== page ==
15 Songs, 49 Minutes

EDITORS’ NOTES

A truer example of "roots rock" than most, Mermaid Avenue reaches back to archived Woody Guthrie lyric sheets whose melodies were lost upon Guthrie's 1967 death. On what Billy Bragg calls "not a tribute album but a collaboration" between Guthrie, himself, and the members of Wilco, the great songwriter's immediacy is revived by varied rock and folk settings. The result underscores our loss while giving Guthrie's legacy a joyous shake. In these songs, Guthrie considers women's wisdom ("She Came Along to Me") and playfully longs to get in on Ingrid Bergman's indiscretions, proposes a radical "Christ for President," and strings together meaningful nonsense words for kids ("Hoodoo Voodoo," which in this treatment with Jeff Tweedy's vocal forges a link between Guthrie and the garage rock his follower Bob Dylan so deeply imprinted). Best of all, Mermaid Avenue pays the most knowing kind of tribute; it never treats Guthrie as too holy.

EDITORS’ NOTES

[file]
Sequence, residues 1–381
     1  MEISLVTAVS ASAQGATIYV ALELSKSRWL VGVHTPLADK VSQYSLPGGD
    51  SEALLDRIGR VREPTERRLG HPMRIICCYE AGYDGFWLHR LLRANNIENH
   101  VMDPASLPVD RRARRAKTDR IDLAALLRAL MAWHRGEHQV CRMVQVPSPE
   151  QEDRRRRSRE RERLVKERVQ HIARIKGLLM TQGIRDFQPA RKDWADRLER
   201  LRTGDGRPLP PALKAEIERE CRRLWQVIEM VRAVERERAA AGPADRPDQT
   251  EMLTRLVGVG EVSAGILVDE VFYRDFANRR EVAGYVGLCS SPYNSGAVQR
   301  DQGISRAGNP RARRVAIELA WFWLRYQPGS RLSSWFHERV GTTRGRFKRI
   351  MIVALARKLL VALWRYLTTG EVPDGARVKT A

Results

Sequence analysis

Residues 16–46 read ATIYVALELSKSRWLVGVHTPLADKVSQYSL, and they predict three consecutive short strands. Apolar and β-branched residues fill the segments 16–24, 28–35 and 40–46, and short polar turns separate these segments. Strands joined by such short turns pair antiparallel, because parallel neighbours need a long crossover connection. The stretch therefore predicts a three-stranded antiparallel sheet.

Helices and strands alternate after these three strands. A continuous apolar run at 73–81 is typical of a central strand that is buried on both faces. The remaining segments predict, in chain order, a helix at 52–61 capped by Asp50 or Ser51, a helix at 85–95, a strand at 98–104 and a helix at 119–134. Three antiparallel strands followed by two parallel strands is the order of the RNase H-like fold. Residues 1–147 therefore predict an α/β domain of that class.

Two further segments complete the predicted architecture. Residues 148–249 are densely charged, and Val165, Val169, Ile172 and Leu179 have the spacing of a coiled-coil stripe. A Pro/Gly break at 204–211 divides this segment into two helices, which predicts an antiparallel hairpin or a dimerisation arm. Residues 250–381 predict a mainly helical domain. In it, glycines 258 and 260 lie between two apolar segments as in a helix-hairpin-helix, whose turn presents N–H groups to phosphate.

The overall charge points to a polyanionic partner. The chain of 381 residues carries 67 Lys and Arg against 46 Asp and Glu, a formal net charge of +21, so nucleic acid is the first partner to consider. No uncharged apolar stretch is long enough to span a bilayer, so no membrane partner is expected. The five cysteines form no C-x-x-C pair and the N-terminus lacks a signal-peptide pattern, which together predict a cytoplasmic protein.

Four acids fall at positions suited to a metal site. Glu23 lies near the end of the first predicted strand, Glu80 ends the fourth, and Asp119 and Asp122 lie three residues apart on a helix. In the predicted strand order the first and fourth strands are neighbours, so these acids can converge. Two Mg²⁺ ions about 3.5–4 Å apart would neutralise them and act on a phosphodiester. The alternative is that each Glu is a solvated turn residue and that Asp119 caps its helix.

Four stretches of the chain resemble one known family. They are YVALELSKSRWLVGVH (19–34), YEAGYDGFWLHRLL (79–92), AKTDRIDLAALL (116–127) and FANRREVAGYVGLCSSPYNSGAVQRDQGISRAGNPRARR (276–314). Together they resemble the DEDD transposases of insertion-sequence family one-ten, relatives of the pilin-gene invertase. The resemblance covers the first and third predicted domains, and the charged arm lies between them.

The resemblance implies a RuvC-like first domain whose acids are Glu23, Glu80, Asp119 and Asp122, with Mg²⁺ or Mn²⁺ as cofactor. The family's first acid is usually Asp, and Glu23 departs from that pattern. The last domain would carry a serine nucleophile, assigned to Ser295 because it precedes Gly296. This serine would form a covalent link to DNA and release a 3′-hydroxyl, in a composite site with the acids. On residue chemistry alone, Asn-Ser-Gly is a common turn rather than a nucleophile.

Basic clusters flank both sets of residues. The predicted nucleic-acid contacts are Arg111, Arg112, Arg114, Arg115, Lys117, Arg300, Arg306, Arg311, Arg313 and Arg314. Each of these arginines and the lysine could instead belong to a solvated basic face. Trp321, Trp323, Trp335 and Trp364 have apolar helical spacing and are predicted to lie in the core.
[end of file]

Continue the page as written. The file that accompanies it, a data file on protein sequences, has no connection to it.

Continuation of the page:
A truer example of "roots rock" than most, Mermaid Avenue reaches back to archived Woody Guthrie lyric sheets whose melodies were lost upon Guthrie's 1967 death. On what Billy Bragg calls "not a tribute album but a collaboration" between Guthrie, himself, and the members of Wilco, the great songwriter's immediacy is revived by varied rock and folk settings. The result underscores our loss while giving Guthrie's legacy a joyous shake. In these songs, Guthrie considers women's wisdom ("She Came Along to Me") and playfully longs to get in on Ingrid Bergman's indiscretions, proposes a radical "Christ for President," and strings together meaningful nonsense words for kids ("Hoodoo Voodoo," which in this treatment with Jeff Tweedy's vocal forges a link between Guthrie and the garage rock his follower Bob Dylan so deeply imprinted). Best of all, Mermaid Avenue pays the most knowing kind of tribute; it never treats Guthrie as too holy.

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